What to do if your boss is a bitch

Posted on: 2012-05-25 in How To   |   Tagged: bitchy boss problem boss working in pr

A bitchy boss can make your life hell. But don't worry, you're not alone - judging by the fact that this is one of our all-time most-read posts. Here's my advice on getting through the situation without exploding. By Heather Baker, CEO of inbound marketing agency, TopLine Comms

It happens in all industries but perhaps disproportionately in some. People are promoted to leadership positions because they are good at delivering the product or service (or because their employers can’t find anyone else to promote), not because they are good at leadership. Then they’re expected to manage people without any training or guidance, a situation exacerbated by the fact that they’re usually on an enormous power trip. Or, they're promoted because they've earned it, but they're just generally dickheads!

The result is a toxic working environment in which orders are barked, credit is stolen, red ink is abused and good people are publicly humiliated. In some workplaces this is just the tip of the iceberg, and I’ve heard horror stories involving outrageous bullying, manipulating and backstabbing (especially from within PR agencies).

So what can you do if you are the victim of a bitchy boss?

It’s a tricky one, and my first piece of advice is leave. I’ve mentioned before on the blog that there is a skills shortage in the industry (if you're in PR) and if your current job is making you miserable, you should be able to find a better one relatively easily, particularly if you’re a star performer. There’s only so much change you, as an employee, can effect on your organisation, and sometimes it’s just better to cut your losses and move on.

However, I realise this is not always possible, and there is always a trade off between leaving and having a patchy CV, so sometimes you just need to stick it out. If that’s you, you need to find a way of improving your situation. Here are my recommendations:

  • The first thing to do is actually something not to do. And that is, don’t respond in kind. Fight the temptation to stoop to their level. It might be satisfying in the short term, but if the situation ever escalates you don’t want to help your boss’s case with some nice, juicy anecdotes from that time you behaved like a squishmitten yourself.
  • Likewise resist the temptation to bitch about your boss. You don’t want to develop a reputation for yourself, and workplace sniping can quickly come back to bite you.
  • Keep an objective log in which you make a note of every compliment and complaint (yes, I said objective) you get from clients and co-workers. This will be really useful if it ever kicks off and you have to defend yourself.
  • Ask for clear performance targets and measurements. If your boss refuses to set them for you, do it yourself and send them to him/her asking for feedback. Measure your own performance against these and keep a record for yourself.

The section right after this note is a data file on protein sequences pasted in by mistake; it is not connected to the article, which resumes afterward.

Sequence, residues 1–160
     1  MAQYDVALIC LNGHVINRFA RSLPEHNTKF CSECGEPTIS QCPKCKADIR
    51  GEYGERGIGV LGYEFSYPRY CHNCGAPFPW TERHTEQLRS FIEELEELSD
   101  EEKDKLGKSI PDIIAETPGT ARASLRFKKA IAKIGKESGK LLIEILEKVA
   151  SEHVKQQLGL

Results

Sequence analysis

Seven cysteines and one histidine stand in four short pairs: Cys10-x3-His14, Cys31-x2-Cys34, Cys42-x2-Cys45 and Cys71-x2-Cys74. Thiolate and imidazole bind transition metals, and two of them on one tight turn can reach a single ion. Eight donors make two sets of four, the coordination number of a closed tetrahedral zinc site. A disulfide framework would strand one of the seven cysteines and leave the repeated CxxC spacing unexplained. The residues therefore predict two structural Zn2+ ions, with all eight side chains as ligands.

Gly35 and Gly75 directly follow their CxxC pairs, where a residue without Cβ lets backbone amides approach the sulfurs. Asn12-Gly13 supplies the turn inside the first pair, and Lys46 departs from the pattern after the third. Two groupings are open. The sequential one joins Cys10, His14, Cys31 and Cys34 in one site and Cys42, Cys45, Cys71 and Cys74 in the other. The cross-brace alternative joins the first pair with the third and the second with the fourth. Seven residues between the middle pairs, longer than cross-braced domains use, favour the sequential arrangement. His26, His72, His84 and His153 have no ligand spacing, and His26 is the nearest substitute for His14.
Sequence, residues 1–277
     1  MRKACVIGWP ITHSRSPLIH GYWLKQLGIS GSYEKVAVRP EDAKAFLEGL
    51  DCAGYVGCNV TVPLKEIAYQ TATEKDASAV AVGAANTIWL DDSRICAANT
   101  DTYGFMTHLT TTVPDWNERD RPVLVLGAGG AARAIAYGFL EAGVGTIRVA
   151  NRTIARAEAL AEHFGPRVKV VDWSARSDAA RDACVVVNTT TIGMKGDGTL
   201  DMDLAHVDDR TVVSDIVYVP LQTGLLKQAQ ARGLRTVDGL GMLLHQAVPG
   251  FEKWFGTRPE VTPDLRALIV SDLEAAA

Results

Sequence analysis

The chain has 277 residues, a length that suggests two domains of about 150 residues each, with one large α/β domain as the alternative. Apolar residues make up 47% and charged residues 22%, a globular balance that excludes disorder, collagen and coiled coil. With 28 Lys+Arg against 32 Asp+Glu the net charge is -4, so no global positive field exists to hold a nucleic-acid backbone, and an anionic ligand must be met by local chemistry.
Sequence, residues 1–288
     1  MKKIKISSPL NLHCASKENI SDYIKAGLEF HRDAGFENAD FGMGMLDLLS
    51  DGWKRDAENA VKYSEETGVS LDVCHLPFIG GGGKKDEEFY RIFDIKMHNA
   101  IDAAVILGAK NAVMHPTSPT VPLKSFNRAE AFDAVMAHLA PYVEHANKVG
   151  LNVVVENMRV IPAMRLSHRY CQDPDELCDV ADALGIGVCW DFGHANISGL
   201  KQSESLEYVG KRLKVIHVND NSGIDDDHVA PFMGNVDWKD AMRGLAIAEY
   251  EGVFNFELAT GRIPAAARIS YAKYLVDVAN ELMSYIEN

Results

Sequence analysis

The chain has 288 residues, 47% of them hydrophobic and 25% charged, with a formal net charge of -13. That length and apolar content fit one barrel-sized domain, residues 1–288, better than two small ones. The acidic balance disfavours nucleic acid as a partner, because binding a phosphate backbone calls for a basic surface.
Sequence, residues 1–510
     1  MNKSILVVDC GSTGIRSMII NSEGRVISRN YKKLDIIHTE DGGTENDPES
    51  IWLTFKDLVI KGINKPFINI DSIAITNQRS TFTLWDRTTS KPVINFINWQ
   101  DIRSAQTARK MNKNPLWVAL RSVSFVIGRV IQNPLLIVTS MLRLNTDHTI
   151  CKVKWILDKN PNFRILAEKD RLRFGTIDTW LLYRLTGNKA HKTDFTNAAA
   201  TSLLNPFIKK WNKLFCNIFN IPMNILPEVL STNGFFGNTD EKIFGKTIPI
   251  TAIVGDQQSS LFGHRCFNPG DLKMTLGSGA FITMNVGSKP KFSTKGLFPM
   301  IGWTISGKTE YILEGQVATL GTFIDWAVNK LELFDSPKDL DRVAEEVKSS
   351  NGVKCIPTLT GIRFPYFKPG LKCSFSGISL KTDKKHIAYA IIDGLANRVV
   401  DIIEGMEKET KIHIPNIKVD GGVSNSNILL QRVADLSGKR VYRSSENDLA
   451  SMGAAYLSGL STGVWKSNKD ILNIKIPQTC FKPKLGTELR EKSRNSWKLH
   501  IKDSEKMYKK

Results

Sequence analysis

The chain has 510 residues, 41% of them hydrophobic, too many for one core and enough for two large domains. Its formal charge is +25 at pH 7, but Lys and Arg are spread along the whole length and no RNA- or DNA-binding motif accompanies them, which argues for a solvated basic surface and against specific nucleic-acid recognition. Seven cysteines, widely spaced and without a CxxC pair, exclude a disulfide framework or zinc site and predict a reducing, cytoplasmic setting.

• When you have to confront your boss, do so objectively and with the evidence you have collected. Don’t go over their head in the first instance. Instead take the very brave step of facing up to them. Set a meeting, and carefully prepare what you want to say. Try it out on a couple of friends first and have a ready-prepared follow-up email to document the meeting.
  • If that still doesn’t help, suggest to your boss that you escalate it and that you both go in together to meet with an HR rep, or another member of the management team. This probably won’t go down well, but it is likely to make your boss think twice about his/her behaviour.
  • Be prepared to accept that you could be partly to blame, and that you might need to make some changes yourself. That means taking on criticism and asking your boss to help you make changes, rather than just going on the defensive.
  • Avoid total dejection by treating every challenge you face at work as a learning experience and reminding yourself that this is all great experience.
  • If none of that works and you don’t want to leave, then my last suggestion is to change your boss’ name in your phone to something that means penis or vagina (my current favourite is fish wrinkle – you’re welcome to use it) and have a private giggle every time they call you!

Check out our post on the best resignation letters - "Beat your bitchy boss to it: a note on resigning with style"!

Find out how our readers have dealt with their own bitchy bosses in our post 'Bitchy Bosses - Readers Tell All'!

Browse our other posts on working in PR

Have you had a bitchy boss? Tell me about it on Google Plus .


2013 UK social Media Communications Awards WINNER

About this blog


The B2B PR Blog is a resource for both PR professionals and people working in B2B industries on how to devise and implement successful B2B PR campaigns. The blog is managed by SaaS marketing expert Heather Baker, founder of B2B PR consultancy TopLine Communications, and editor of the B2B Guide to Social Media and takes contribution from anyone sensible in the industry with something intelligent to say.  Follow Heather on Twitter @TopLineFounder or contact her via email: [email protected]


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